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KIRTLANDIA SOCIETY
General Meeting - November 10, 2001


After coffee and conversation, Vice President Barbara Coleman called the General Meeting of the Kirtlandia Society to order at 10:05 a.m. in the Rare Book Room of The Cleveland Museum of Natural History. She asked Bob Taylor, the new commander of the Cleveland Chapter of the American Legion, to say a few words about Veterans Day, November 12. He requested 15 seconds of silence to honor all veterans.

Pat Douthitt introduced 3 foreign students working in Physical Anthropology and asked for volunteers to help them record data from the Hamann-Todd collection before they leave the Museum. Membership Chairman, Bill MacDermott, then introduced several guests. He welcomed back Dorothy Lungmus who is rejoining Kirtlandia.

There were no reports from the Adopt-A-Student Committee or from the Treasurer. Jane Litt, Chairman of the Education Committee, reported that Circlefest is scheduled for Sunday, December 2, from 1:00 to 6:00 PM. It is a free, crowded, crazy, and fun afternoon with lots of goodies and programs enjoyed by young and old alike. Hospitality Chairman, Pete Church, reported that we would host the Holiday Program/Luncheon with Photo Society this year on December 8. Charge for the luncheon will be $6.50. She is looking for donations of pop and desserts (finger foods). She would also appreciate help with setup and cleanup.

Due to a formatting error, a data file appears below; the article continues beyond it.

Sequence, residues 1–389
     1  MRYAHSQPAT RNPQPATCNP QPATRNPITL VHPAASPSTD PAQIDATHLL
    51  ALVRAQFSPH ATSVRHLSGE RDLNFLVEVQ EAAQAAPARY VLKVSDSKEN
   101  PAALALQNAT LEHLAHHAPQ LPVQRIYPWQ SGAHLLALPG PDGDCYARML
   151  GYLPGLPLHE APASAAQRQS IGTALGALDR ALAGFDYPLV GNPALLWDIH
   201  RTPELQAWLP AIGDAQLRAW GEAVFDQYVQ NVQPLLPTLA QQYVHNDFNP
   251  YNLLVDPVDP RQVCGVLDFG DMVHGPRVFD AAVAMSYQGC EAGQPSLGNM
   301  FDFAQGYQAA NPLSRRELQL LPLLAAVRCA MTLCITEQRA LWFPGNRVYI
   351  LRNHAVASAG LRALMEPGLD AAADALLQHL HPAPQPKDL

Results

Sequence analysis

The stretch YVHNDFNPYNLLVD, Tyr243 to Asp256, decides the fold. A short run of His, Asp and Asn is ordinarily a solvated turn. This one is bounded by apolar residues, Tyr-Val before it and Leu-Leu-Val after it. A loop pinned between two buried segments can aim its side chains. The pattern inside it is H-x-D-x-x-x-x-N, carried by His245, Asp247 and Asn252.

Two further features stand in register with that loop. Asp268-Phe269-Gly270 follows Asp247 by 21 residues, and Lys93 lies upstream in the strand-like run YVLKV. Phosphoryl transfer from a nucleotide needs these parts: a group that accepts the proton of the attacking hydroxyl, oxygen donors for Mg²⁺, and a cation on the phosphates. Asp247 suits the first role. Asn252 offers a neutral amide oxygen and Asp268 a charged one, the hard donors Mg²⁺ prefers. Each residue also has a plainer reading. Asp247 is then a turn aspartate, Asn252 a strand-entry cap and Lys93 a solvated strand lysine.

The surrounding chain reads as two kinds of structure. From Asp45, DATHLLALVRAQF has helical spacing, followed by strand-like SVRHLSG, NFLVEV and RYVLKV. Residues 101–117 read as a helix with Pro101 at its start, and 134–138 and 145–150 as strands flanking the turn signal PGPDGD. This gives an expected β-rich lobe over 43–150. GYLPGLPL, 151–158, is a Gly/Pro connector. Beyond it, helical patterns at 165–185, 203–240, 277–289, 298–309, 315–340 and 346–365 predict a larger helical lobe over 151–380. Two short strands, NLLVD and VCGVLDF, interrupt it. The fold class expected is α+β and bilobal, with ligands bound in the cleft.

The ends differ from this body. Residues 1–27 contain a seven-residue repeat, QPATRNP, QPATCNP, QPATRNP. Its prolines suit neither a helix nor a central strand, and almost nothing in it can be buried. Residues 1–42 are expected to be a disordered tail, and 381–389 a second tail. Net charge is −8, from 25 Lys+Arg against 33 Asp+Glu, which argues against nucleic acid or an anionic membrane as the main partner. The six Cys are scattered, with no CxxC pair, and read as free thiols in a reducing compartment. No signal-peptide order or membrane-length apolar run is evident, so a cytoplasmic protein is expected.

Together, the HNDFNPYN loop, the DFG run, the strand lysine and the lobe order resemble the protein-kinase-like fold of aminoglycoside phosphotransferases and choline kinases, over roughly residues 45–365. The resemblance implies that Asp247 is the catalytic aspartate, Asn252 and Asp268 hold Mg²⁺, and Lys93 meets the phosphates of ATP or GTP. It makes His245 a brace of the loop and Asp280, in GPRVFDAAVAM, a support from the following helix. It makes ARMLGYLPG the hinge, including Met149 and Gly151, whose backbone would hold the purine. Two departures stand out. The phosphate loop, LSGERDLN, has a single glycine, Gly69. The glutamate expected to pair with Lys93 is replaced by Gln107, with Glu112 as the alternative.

Bob Taylor, Program Chairman, introduced today's speaker, Dr. Thomas Schmidlin, from the Geography Department at Kent State, whose topic was "Tornado"!! He explained he was not a tornado chaser, but went to the sites afterwards to assess the damage. He explained they form out of thunderstorms and are dangerous, short-lived, and fleeting. Different types of radar, including Doppler, are useful in tracking these storms.

The main goal of studying tornadoes is to protect human life and health by issuing timely warnings. There is no time to protect property. The structure of dwellings is the most important thing. Most vulnerable are mobile/manufactured homes, which do not stand up to the high winds associated with tornadoes, usually in excess of 100 mph. Dr. Schmidlin showed a number of slides so we could see the destruction of homes and property, resulting in the loss of lives. His slides demonstrated that trees fall in a rotating pattern in a tornado. Garage doors tend to be the weak spots in a house, but a well built home protects its occupants if they seek refuge in an interior room away from windows.

Ohio has approximately a dozen documented tornadoes per year. The most deadly one on record was in June 1924 when a tornado hit Lorain and killed 85 people. On an average, there are 1,000 tornadoes per year in the U.S. with approximately 60 fatalities attributed to them.

After a question and answer period, Bob Taylor adjourned the meeting at 11:35 a.m.

Respectfully submitted,

 

Susan MacDermott
Recording Secretary

Created 10/30/01